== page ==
The Pamphlet Collection of Sir Robert Stout: Volume 20
Heathen Life in the New Hebrides
Heathen Life in the New Hebrides.
The condition of the South Sea islanders was at first greatly exaggerated. Their form was said to be erect, and perfectly developed, and their minds were extolled for their quickness and the nobility of their conceptions. The high qualities of generosity and unsuspecting confidence were predicated of them. It was supposed that you were welcome to their hospitality and safe under their roof; that their individual, domestic, and social condition was like that of their beautiful island homes; and that their lives were happy, because they were ignorant of wealth, ambition, and the evils of civilized society. Contact with them has dispelled the delusion.—Traders, missionaries, and teachers after having lived among them, and seen their every day life, cannot confirm such glowing statements. Their condition, on the contrary, is one of want and suffering. Over their shipwrecked vessel floats a flag of distress with these words—"Come over and help us."
The more prominent features of their life, as seen from a Christian point of view, are these:—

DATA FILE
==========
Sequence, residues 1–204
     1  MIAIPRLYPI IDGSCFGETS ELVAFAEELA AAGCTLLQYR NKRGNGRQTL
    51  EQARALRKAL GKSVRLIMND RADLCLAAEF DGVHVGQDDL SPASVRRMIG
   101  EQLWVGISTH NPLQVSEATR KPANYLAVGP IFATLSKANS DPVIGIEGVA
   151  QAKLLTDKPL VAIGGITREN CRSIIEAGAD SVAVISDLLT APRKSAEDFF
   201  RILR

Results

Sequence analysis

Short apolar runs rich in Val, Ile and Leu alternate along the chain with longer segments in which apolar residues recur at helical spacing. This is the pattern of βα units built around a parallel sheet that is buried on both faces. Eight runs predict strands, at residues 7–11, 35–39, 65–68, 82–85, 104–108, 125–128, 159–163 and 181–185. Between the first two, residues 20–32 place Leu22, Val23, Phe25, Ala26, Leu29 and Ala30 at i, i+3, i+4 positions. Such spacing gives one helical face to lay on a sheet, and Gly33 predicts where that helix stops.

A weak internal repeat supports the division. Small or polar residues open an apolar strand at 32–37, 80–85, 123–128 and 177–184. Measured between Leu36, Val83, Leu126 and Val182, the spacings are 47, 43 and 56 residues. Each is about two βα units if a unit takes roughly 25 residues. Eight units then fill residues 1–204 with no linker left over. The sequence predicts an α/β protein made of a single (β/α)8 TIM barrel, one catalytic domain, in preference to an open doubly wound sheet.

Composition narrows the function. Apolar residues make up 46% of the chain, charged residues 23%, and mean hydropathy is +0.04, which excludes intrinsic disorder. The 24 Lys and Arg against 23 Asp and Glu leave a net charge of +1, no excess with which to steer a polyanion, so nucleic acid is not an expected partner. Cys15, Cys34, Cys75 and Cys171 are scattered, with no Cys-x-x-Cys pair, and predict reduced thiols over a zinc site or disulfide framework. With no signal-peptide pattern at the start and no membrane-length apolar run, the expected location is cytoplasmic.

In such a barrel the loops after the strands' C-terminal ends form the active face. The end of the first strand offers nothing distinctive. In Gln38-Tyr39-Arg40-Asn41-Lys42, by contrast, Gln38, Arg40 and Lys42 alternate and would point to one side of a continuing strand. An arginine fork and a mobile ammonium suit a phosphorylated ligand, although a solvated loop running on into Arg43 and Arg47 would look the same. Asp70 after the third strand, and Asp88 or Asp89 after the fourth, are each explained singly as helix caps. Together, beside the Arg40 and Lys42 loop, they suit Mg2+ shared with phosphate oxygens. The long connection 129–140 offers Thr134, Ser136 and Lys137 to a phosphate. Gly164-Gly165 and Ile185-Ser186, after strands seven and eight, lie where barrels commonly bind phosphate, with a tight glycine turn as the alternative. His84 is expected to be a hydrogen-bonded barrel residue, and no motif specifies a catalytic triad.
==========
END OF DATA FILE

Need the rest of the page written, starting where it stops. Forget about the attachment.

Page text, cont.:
1st. It is a life of poverty. Their tools, utensils, works of art, and articles of furniture are not only rude, but very few. A Native might carry all his moveable property on his back, or at least in his canoe. On their persons they have ornaments. In the houses of the more wealthy (if the word can be used) may be seen a few floor and sleeping mats, with some bark cloth, a pillow, a basket, a hank of native twine, a hatchet, a few spears and arrows, a cocoa nut shell for water, a fishing net, a bag of sacred stones, and perchance a musket. Out of doors you may see a plough, (a pointed stick five feet long,) a few fowls, a female dress suspended from a tree to dry, a canoe, a pig, and a dog or cat. It is impossible for any one on these islands to accumulate much more property than his brethren. As there is no law to protect him in the possession of it, he will be deprived of it, either by importunity or stealth.